“DAPA will hold a meeting later this week to approve a plan to restart the surveillance airship project,” a DAPA official said. “Although front-line troops have spotted unmanned aerial vehicles believed to be sent by North Korea several times recently, the low-altitude radar recognizes them as birds,” an Army official said, commenting on the performance of existing TPS-830K low-level surveillance radar in service with the South Korean military. The military is considering purchasing advanced low-altitude surveillance radar to better monitor moving targets. The Demilitarized zone is located at a mountainous area north of the capital, which clutters the view of ground-based radars, particularly at low altitudes, where small drones are operating. The Air Force has placed Gap Filler radar systems with a range of about 100 km in the front, but even these are not fully covering the area. Seoul had also pushed to build a surveillance airship to better monitor the North Korean military near the western maritime border, after North Korea shelled a border island in November 2010, killing four people. The 24 billion won (US$21.9 million) project initially aimed at deployment from 2012, but has since been delayed as arms makers struggled to make an airship suitable for the rapidly changing weather conditions in the western sea. Seoul is also seeking to deploy GPS jamming systems that are likely to disrupt the navigation systems guiding the North Korean drones’ mission control systems. However, these systems could also risk civil aviation traffic and friendly drones, as demonstrated during a drone accident that killed an Austrian UAV technician in South Korea 2012.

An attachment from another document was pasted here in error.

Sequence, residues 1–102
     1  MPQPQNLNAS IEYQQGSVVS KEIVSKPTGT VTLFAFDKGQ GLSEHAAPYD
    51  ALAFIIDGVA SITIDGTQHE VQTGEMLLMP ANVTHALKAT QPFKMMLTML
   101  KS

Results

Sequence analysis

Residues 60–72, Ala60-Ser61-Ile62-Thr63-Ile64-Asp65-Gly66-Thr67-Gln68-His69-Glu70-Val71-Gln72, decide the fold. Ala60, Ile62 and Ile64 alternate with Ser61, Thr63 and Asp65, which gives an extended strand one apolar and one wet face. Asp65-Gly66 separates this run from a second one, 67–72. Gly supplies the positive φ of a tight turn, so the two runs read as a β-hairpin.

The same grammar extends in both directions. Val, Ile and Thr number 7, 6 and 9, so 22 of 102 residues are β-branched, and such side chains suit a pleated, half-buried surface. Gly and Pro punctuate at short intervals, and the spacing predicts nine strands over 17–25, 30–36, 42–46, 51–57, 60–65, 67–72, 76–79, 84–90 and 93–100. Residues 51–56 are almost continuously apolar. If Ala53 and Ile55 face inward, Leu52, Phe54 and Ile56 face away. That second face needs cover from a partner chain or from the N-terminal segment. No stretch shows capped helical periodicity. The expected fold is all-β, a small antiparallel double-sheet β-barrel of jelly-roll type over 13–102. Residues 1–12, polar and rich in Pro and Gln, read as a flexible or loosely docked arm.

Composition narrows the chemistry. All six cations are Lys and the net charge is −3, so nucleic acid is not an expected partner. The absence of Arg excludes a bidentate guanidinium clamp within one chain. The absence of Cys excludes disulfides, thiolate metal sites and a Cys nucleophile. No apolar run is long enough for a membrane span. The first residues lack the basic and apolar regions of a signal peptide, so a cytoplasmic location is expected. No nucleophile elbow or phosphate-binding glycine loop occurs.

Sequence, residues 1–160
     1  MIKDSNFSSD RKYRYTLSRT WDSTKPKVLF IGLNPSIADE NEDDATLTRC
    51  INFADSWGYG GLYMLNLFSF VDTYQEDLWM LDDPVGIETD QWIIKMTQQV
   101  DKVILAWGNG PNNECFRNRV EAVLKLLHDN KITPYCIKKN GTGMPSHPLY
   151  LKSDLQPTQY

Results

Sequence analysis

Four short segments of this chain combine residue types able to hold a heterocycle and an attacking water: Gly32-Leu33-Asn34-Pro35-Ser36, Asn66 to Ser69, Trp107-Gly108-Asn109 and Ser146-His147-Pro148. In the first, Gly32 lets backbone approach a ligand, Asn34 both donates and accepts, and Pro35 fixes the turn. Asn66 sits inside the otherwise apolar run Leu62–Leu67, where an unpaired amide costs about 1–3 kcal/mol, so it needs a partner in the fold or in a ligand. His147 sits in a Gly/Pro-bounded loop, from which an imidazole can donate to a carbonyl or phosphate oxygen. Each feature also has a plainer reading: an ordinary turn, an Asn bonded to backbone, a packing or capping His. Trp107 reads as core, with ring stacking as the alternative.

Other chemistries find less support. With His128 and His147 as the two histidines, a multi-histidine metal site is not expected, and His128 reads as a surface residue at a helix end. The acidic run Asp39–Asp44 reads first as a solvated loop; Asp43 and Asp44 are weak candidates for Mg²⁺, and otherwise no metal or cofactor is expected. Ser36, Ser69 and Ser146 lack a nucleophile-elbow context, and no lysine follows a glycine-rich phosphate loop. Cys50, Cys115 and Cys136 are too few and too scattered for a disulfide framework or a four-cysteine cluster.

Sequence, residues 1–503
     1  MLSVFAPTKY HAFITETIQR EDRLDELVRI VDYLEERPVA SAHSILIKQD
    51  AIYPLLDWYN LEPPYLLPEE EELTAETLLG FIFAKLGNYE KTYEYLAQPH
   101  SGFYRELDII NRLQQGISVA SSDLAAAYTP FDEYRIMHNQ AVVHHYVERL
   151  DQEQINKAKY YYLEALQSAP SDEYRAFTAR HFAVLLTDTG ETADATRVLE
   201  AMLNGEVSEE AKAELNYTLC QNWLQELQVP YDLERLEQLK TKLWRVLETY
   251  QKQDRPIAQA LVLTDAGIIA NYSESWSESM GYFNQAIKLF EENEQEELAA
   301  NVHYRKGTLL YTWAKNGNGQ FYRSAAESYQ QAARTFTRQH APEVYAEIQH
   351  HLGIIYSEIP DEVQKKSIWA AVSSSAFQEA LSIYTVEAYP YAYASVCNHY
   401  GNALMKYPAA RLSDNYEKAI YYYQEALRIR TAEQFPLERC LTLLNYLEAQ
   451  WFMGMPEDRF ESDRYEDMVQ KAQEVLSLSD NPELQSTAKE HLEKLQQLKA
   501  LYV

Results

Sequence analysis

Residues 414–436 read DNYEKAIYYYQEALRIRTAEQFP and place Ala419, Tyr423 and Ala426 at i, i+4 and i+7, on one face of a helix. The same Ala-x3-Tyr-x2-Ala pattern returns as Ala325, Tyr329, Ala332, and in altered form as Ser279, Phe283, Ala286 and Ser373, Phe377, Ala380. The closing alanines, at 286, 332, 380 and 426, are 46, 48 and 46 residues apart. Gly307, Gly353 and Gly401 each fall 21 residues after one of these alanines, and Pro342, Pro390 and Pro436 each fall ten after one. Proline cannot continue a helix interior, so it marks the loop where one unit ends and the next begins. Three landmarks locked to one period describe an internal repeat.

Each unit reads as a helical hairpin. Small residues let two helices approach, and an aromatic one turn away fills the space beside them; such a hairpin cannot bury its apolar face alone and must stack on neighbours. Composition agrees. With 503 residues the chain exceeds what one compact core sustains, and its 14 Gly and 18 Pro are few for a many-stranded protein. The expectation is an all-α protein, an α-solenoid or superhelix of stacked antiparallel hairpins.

The drone found on March 24 was a small ‘mini UAV’ class vehicle, it flew in a southward direction toward the capital Seoul, navigating by pre-set GPS waypoints. After flying over the city and taking images of the presidential office, the drone turned back toward north but crashed near the town of Paju, close to the DMZ. Throughout its flight it was not detected by the low-altitude surveillance radar, South Korean official admitted. When investigators probed the drones’ camera they were amazed to find pictures of military installations the residential quarters of Seoul’s presidential compound. According to ‘Alert 5’ blog, these drones are commercial off-the-shelf SKY-09P models made in China, by Taiyuan Navigation Technology. Based on the manufacturer’s data this mini-drone is launched by a catapult and retrieved by parachute. It can carry a payload of 3 kg on a 90 minute mission, controlled in flight over a distance of 30-40 km. The company also offers a larger variant, SKY-19 that can fly for two hours and carry 5kg of payload.